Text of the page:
“Thanks to hygiene, antibiotics and too little outdoor play, children don’t get exposed to the microbes as they once did. This may lead them to develop immune systems that overreact to substances that aren’t actually threatening–causing allergies. In the same way, by shielding children from every possible risk, we may led them to react with exaggerated fear to situations that aren’t risky at all and isolate them from the adult skills that they will one day have to master.”
Again, Johnny’s dismissive attitude is a bit over the top perhaps, but he’s not entirely wrong either.
To Daniel and his mom, Cobra Kai back in the day was “nothing but a bunch of bullies.” Sam defends the current incarnation, asking “They can’t all be bullies, right?” Certainly none of them started out that way. When Johnny looks around at his dojo full of new students, he sees “nerds” and “losers”. These are not the bullies. These are the kids that get picked on by the bullies. Miguel was being bullied by Kyler. Aisha was being bullied by Yasmine.
The irony is that Johnny, who is supposed to be this alpha male bully, is actually working to make his students bully-proof. As he eludes to in his speech to the tournament committee:
“Look, I admit Cobra Kai had its share of problems in the ’80s. My sensei didn’t always play by the rules. That’s why I left. But my Cobra Kai is different. It’s a place where kids can come and feel like they belong. Where they won’t get picked on just because they’re a bunch of losers. Er, because they’re unique. I’ve watched firsthand as my students have gotten stronger. Gained confidence. Learned how to stand up for themselves. Cobra Kai is making a difference in these kids’ lives. And honestly, they’re making a difference in mine as well. Thank you.”
Is Johnny turning them into bullies? I’d say that remains to be seen. What he is doing however is stopping their decline into victimhood.
Cobra Kai tackles cyber bullying as well, but with a more direct message. First, the school’s attempts to address cyber bullying are played as ridiculous and laughable. The guidance counselor is holding an impromptu assembly in the cafeteria and lays these sage words on the student body:
“Cyber bullying is no laughing matter. Sending a cruel message to someone online can be just as hurtful as saying it to their face. I’m not gonna name names, but the other day a mother called me up because her son was crying after some kids online made fun of his facial deformity. But today, our goal here is to make this school a safe space for all students.”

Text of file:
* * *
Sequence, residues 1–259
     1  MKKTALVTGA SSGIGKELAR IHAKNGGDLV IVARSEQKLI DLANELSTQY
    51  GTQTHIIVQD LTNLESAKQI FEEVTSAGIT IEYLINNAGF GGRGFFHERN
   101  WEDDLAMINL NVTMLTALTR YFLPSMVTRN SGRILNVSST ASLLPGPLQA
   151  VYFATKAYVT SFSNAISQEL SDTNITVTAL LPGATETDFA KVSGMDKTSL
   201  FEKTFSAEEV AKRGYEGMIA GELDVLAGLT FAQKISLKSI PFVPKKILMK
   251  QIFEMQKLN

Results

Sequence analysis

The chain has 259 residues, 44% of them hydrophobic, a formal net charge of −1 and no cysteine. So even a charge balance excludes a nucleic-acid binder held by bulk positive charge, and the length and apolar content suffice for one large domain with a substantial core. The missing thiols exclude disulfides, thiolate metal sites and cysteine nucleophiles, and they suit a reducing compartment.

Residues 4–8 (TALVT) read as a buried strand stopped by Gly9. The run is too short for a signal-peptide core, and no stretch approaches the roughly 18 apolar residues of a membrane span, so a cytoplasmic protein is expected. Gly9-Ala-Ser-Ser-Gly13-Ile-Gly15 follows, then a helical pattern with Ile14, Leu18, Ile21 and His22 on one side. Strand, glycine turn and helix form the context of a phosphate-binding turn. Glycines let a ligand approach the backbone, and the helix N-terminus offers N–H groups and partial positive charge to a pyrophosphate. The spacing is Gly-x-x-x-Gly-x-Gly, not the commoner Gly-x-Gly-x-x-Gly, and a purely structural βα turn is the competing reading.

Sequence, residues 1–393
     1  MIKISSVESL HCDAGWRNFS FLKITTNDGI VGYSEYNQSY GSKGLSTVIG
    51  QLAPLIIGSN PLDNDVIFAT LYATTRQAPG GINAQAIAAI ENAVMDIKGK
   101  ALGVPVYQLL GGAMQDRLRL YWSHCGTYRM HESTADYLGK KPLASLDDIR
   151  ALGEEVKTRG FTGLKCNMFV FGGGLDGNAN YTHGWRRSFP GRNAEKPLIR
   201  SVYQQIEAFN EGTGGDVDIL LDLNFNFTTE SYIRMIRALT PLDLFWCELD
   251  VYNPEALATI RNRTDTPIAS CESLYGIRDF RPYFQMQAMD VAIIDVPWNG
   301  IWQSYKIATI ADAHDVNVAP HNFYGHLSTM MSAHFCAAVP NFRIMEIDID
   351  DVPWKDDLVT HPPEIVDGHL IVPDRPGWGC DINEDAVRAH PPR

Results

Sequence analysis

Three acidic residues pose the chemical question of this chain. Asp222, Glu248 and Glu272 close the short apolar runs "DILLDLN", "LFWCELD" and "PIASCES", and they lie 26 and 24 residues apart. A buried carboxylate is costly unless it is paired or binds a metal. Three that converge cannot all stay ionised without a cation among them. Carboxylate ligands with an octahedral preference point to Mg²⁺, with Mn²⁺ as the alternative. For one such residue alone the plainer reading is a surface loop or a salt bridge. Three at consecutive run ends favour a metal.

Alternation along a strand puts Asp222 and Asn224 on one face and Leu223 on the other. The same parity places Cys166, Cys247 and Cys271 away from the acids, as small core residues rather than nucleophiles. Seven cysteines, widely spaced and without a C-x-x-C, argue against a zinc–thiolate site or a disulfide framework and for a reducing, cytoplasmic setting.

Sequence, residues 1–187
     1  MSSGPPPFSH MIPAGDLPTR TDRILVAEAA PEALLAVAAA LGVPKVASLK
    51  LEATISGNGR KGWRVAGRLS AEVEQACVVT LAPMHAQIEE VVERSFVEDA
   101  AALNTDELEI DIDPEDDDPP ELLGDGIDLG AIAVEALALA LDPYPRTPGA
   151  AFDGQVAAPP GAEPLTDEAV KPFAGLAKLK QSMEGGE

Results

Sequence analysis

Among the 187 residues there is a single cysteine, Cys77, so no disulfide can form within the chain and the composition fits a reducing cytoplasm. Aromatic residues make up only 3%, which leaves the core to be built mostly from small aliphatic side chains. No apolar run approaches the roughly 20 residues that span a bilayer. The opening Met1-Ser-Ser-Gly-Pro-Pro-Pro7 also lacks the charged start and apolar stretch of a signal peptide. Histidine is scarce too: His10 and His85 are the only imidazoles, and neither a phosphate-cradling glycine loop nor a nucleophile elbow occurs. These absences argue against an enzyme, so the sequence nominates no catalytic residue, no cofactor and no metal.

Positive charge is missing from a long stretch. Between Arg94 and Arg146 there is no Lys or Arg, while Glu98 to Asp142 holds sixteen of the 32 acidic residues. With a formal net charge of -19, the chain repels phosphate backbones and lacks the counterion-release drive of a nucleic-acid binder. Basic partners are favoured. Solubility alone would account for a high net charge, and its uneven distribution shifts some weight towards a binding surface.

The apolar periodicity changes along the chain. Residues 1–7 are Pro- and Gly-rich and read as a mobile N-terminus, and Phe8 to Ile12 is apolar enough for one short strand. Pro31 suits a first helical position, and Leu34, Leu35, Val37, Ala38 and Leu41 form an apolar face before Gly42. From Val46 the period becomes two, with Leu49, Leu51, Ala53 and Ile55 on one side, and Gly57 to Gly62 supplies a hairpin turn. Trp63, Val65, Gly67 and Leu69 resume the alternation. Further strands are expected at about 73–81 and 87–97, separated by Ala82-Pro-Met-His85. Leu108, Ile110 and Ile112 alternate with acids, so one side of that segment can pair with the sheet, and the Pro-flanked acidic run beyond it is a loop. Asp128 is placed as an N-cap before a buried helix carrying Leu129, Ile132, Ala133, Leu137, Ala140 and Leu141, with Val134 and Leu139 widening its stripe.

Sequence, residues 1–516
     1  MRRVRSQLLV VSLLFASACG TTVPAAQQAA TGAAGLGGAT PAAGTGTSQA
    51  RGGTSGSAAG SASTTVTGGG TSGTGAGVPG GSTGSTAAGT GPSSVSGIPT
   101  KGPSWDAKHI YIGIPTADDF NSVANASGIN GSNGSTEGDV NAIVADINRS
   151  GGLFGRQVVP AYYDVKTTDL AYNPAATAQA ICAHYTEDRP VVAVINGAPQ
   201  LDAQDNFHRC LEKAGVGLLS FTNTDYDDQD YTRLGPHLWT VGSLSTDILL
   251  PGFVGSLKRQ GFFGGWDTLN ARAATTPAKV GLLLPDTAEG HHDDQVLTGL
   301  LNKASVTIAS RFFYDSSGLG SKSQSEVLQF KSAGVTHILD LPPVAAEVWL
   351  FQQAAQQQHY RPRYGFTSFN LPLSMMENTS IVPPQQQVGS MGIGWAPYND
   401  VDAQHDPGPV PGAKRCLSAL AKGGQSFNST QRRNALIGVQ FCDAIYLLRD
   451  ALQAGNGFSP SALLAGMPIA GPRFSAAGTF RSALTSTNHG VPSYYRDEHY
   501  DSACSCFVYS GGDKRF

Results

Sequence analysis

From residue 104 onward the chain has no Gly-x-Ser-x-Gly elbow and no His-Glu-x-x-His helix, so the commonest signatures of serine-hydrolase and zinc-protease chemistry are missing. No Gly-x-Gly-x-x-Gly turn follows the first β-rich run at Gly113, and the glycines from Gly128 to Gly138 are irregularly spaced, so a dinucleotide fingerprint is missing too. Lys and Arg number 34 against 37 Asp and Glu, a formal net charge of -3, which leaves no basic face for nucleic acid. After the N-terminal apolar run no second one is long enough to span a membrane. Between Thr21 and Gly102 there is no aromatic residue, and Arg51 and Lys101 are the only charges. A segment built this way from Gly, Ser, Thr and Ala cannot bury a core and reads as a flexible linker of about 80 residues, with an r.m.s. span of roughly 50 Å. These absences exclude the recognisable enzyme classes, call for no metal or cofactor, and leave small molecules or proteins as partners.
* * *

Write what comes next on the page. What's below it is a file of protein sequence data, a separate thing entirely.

Not only does she out Eli and thereby enable his bullies by tipping them off to the success of their efforts, but she also, just as in the case of trigger warnings, plays up bullying as something the students need to be kept “safe” from.
Johnny, of course, sees it a different way. When Aisha explains to him how she has been cyber bullied online by anonymous kids using fake accounts, he seems at first to be sympathetic to her, saying “oh my god”. But then he continues:
“What a bunch of pussies. Back in my day, if you wanted to tease someone, you did it to their face. There was honor, respect. These geeks hiding behind their computers, what a bunch of spineless losers.”
When framed that way, Aisha sees that she’s not afraid of these losers and she’s not going to take shit from these losers.
That’s the thing with Johnny, and even with Daniel as well. They both have a sense of honor. Johnny knows he fought dishonorably in the original tournament from The Karate Kid. His sensei told him to take the cheap shot and he did it. To some extent, Johnny lashes out at everyone because he hates himself.
In the modern tournament, Johnny figures out too late that honor is an aspect of karate that he did not train into his students.
Miguel: I found his weakness, Sensei. It’s his shoulder.
Johnny: Look, I know we want to win, but it’s got to be the right way. We don’t have to fight dirty.
Miguel: Dirty? There’s nothing dirty about winning, Sensei. You taught me that.
Early on, Daniel completely loses his way and fights dirty in a different manner. He goes after Johnny indirectly by getting his rent raised, hoping to drive him out of business. When he explains his brilliant scheme to his wife, her thoughts immediately go to the other stores in the strip mall who were hurt by his actions.
Daniel: “The guy spray-painted a dick on my face.”
Amanda: “So what? He’s an asshole. Don’t let him turn you into one.”
This may ultimately be the final commentary of the show on today’s modern culture. We are sorely in need of honor. Not a full-fledged honor culture where we bring back duels and never ending hillbilly family feuds. But a type of honor where we take responsibility, where we play by the rules, and where sticks and stones may break our bones, but words really cannot ever hurt us.
Notes / References:
- “The Coddling of the American Mind” (The Atlantic, September, 2015): https://www.theatlantic.com/magazine/archive/2015/09/the-coddling-of-the-american-mind/399356/
- “How to Score ‘Cobra Kai’: An Interview with the Composers” (Vehlinggo, May 10, 2018): https://vehlinggo.com/2018/05/10/cobra-kai-soundtrack-interview/
- Haidt, Jonathan and Lukianoff, Greg. The Coddling of the American Mind: How Good Intentions and Bad Ideas Are Setting Up a Generation for Failure. New York: Penguin Press, 2018